Keep Diseases and Insects at Bay to Protect Soybean Yields
Japanese beetle on soybean leaf
For high-yielding soybeans, it’s crucial that growers are in tune with their plants’ growth stages. According to Iowa State University Extension, soybean yield management strategies are most effective when timed with the stage in which potential yield is most affected.
For example, let’s look at the R2 growth stage, a particularly critical growth stage for soybeans. The University of Wisconsin explains that by this time the plant should be well on its way to maturity, having accumulated about 25% of its mature dry weight and 50% of its mature height, as well as produced 50% of its total nodes. Plants will increase dry matter and nutrients frequently at this stage, initially in the vegetative plant parts (leaves, stems, petioles and roots) but later in the pods and seeds. Foliage protection is key.
It’s during this growth stage that plants are setting a lot of flowers, says Agronomy Service Representative Nick Groth. The grower’s job during this time is to protect those flowers to ensure they’re turning into healthy and productive pods.
How can you protect your soybeans?
Regular scouting is an important strategy to stay on top of disease and insect pressure, which can cause great damage during the critical R2 growth stage.
White mold is one costly disease that is particularly prevalent in fields with high yield potential. This is because practices such as high plant populations, narrow row spacing, and varieties with an early canopy closure are frequently used in high yield potential situations and are conducive to white mold development. While fungicides can help protect soybean plants from diseases, Iowa State University Extension cautions that applications after R3 will likely not be effective at controlling white mold, urging growers instead to make the application earlier at a R1 or R2 timing.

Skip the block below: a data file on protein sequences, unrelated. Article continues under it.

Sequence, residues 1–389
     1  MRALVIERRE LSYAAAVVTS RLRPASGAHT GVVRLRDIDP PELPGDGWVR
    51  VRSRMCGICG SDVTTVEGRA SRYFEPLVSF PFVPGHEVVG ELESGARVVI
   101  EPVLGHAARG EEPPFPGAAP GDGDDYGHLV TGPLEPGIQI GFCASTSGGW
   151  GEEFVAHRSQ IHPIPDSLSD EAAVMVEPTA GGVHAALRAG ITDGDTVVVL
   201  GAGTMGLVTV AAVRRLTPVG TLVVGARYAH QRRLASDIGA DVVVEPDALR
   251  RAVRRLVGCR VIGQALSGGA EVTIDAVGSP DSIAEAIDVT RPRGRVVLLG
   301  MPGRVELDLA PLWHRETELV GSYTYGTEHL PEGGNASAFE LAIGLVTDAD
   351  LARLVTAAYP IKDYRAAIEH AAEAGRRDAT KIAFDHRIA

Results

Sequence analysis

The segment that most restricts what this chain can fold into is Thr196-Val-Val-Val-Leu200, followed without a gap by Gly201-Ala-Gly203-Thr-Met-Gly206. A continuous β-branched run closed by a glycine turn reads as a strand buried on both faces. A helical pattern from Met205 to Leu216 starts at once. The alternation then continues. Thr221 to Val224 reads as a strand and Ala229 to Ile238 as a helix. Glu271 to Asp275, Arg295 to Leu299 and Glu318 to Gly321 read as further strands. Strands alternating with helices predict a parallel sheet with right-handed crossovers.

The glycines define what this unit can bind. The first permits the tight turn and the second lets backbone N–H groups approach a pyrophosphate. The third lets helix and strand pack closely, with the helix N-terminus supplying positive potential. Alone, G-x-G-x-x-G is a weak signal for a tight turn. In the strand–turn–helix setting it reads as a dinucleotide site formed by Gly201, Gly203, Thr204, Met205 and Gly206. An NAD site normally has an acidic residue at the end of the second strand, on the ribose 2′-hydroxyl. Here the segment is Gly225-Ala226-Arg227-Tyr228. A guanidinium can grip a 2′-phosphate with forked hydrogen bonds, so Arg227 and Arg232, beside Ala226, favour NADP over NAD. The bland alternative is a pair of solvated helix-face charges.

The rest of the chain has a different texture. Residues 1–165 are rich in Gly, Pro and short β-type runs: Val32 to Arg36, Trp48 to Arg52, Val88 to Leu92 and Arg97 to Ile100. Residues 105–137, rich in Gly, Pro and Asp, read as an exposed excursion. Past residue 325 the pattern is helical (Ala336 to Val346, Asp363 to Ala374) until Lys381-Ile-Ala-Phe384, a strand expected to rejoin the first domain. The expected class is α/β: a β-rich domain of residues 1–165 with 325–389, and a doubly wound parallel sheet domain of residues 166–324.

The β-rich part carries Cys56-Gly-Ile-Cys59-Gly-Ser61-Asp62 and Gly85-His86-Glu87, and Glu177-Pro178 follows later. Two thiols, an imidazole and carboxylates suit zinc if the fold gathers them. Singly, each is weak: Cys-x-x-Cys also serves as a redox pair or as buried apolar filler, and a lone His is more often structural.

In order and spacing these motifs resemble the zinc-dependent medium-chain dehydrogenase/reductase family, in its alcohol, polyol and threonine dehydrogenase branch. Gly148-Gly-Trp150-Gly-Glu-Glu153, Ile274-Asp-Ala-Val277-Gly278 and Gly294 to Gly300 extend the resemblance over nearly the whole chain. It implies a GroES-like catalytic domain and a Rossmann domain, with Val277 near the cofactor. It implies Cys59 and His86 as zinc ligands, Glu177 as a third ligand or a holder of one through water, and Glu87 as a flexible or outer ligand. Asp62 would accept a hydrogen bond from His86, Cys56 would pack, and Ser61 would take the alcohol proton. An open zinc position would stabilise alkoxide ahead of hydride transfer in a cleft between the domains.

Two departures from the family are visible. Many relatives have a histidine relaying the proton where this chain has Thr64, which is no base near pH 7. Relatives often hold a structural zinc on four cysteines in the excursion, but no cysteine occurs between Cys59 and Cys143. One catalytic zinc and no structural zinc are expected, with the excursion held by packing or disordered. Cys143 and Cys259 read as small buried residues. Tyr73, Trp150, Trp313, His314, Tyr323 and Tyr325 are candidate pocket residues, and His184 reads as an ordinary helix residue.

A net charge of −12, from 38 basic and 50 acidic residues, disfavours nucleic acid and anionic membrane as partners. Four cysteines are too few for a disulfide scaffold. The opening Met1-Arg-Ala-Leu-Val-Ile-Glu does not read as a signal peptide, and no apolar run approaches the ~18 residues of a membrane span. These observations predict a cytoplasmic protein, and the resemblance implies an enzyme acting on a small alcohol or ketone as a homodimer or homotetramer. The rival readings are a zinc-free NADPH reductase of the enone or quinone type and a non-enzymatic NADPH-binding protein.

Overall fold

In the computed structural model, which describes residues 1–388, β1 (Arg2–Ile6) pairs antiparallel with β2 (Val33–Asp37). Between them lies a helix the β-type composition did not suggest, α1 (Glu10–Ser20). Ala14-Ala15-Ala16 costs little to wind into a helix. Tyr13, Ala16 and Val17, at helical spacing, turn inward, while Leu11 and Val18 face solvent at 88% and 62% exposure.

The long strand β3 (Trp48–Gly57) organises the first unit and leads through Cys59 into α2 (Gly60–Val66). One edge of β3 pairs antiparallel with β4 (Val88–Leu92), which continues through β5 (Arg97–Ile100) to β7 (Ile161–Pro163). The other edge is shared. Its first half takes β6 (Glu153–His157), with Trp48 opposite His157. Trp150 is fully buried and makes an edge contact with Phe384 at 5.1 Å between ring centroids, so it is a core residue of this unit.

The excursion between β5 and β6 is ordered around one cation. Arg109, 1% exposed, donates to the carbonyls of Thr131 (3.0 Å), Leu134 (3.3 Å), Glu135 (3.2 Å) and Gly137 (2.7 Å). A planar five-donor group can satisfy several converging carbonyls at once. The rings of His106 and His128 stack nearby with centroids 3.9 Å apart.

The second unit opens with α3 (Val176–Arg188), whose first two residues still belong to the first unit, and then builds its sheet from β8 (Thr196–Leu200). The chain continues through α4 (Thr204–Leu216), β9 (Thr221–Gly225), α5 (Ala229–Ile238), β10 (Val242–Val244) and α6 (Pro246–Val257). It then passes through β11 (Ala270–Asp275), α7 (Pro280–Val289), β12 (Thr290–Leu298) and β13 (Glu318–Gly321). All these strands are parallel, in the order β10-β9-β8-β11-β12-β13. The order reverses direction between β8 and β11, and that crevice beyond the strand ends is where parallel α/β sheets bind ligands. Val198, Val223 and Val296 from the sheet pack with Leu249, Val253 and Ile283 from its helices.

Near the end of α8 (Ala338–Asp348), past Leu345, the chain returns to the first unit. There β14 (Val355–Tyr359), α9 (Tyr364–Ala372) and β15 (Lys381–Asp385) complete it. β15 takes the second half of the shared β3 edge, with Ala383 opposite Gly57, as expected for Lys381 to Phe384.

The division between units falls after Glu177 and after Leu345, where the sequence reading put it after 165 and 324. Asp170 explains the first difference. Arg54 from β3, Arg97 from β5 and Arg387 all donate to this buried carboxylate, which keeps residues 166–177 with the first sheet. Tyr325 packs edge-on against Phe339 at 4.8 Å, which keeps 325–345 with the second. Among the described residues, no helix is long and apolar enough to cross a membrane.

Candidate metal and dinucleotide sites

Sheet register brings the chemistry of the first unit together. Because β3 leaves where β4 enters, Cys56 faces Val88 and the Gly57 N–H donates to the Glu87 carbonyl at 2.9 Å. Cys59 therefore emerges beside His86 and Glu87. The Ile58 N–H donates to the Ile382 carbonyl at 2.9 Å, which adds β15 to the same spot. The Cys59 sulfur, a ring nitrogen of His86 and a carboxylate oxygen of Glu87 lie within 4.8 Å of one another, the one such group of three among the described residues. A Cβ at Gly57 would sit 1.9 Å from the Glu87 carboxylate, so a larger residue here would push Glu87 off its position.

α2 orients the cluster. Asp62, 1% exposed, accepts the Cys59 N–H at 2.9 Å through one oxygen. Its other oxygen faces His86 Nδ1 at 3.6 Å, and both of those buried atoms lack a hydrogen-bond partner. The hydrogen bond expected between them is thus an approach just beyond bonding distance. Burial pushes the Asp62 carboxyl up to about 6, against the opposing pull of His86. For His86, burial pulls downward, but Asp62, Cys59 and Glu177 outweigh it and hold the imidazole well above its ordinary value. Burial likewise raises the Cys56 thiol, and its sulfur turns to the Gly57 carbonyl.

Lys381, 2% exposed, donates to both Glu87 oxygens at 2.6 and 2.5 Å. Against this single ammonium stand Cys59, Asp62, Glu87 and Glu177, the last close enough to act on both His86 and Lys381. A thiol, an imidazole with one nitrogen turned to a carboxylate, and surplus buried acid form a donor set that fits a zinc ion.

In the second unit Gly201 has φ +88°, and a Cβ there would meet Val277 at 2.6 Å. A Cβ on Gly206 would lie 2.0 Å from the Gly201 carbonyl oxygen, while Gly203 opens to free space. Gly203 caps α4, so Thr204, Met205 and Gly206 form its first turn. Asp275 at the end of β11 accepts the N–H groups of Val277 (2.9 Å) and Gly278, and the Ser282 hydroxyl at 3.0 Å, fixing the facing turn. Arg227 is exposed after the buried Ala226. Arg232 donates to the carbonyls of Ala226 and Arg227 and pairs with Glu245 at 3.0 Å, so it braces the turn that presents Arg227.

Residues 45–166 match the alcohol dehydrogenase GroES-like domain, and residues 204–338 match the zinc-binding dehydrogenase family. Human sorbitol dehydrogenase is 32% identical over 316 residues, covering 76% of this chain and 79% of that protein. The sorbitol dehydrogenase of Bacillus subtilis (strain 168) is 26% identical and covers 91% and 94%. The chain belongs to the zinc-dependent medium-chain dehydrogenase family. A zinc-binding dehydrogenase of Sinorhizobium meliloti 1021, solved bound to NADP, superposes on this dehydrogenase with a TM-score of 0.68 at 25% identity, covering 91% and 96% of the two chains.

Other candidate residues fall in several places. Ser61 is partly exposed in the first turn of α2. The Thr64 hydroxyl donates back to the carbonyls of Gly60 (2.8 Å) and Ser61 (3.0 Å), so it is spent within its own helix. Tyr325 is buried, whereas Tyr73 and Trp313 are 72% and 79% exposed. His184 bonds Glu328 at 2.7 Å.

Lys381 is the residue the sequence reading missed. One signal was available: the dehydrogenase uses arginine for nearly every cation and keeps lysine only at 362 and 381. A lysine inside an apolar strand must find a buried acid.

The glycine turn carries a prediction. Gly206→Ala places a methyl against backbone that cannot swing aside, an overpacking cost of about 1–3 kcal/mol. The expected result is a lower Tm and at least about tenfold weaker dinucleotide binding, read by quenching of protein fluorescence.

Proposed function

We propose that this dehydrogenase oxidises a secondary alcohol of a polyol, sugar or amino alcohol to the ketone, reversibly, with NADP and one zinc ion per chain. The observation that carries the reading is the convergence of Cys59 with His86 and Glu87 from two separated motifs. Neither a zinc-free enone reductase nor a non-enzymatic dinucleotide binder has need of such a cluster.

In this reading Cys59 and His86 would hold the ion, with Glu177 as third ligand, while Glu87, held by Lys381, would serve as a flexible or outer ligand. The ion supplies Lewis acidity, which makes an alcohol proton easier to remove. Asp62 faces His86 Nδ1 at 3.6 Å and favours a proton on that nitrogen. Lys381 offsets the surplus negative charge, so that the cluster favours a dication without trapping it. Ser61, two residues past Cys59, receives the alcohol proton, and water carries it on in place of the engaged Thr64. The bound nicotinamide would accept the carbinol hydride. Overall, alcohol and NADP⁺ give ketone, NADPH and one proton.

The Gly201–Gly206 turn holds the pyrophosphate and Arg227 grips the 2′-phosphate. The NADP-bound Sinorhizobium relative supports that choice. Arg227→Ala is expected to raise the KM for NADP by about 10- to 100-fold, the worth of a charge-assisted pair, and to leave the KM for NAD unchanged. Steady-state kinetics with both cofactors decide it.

Fields should also be scouted for insect pressure during this growth stage as well, as pests such as soybean aphids and bean leaf beetles can quickly reach economic thresholds and require action. Soybean aphids are a particularly unpredictable pest. While they once followed a reliable every-other-year pattern, Dr. Kelley Tilmon, associate professor of entomology at The Ohio State University, says soybean aphids can actually emerge every year if conditions are favorable. To stay ahead of a potential problem, University of Minnesota Extension recommends scouting through R6.5, sampling at least 20-30 plants per field and monitoring infected fields at least every 7-10 days.
A fungicide-insecticide tank mix can help growers manage both diseases and insects while saving time and fuel costs. Two products we recommend in soybeans for the R2 growth stage are Miravis® Neo fungicide and Endigo® ZC insecticide. Miravis Neo helps soybeans reach full yield potential with 3 active ingredients –propiconazole, azoxystrobin and Adepidyn® technology – that provide improved preventive and curative control of key diseases, including white mold suppression. Endigo ZC delivers extended residual control of key foliar insect pests in soybeans such as soybean aphid, Japanese beetles, stink bugs and bean leaf beetle, resulting in higher potential yields.
There are plenty of diseases and insects that threaten soybean plants, but with strong products to protect them, plants will be one step closer to maxing out their yield potential.
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